All because of a scientific breakthrough that happened less than a decade ago. Here’s how the secret to developing the RSV vaccine was found and why the spread of the discovery it made is such a big deal.

RSV is a neglected cause of illness and death, with no significant preventive options

RSV is one of the first pediatric illnesses young pediatricians learn to fear. Edwards said. Infected children have a terrible cough and make wheezing sounds as they struggle to move air through their swollen airways. “Once you see it,” she said, “it’s like you’ll never forget it.”

RSV itself is nothing new, especially during the colder months. “There are bad seasons and less bad seasons, but there’s always RSV,” Edwards said.

In the United States, infection leads to about 58000 hospitalizations and 100 to 300 deaths of young children each year, making it the country’s leading cause of infant hospitalization. Although it is a particularly risky infection for babies born prematurely and for those with lung problems or heart abnormalities 40 percent Of the American children who died of RSV within the past few decades were otherwise healthy.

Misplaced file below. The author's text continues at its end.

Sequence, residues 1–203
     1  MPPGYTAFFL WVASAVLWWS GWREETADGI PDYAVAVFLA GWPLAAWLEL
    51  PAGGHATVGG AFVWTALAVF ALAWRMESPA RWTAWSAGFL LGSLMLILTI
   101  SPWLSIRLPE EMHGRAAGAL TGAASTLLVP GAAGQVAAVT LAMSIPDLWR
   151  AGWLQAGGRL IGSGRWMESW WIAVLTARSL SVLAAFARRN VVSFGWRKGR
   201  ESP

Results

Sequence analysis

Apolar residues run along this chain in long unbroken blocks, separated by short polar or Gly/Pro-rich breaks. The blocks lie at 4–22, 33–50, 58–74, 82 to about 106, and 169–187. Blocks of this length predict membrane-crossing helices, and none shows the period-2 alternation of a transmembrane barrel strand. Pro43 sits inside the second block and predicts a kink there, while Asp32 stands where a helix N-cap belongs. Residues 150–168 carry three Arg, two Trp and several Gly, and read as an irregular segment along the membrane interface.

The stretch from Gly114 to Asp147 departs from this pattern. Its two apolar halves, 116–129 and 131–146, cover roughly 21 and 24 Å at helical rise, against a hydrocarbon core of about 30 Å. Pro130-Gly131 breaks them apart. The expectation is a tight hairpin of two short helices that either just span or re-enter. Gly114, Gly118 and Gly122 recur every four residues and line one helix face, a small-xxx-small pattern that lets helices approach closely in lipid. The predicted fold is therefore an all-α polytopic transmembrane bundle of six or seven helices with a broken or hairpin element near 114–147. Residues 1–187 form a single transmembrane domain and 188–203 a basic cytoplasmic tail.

RSV is also an unknown cause of pneumonia in adults, causing up to 120,000 annual hospitalizations Among people over 65 years of age. It’s been overlooked in part because adult clinicians don’t consider it an adult disease, said Helen Chu, MD, an infectious disease researcher at the University of Washington who specializes in emerging respiratory diseases. She said that even when adults in a hospital test positive for RSV, those details are often omitted from Hospital discharge codes (Which plays a big role in insurance billing but is also used to monitor disease trends.)

Speaking at an American Infectious Disease Society conference in late October, Chu compared the effects of RSV and influenza on Americans over 65, noting that RSV causes as many as 12,700 deaths in older adults each year — not too shy of 21,000 deaths from influenza annually. .

Although there is bad RSV in the United States, it is worse globally. Every year causes appreciation 120,000 child deaths All over the world and up to 55000 adult deathsMost of them are concentrated among people who live in poverty and breathe polluted air.

There is currently no approved antiviral treatment for RSV in adults or children, and the preventive option that currently exists is far from perfect.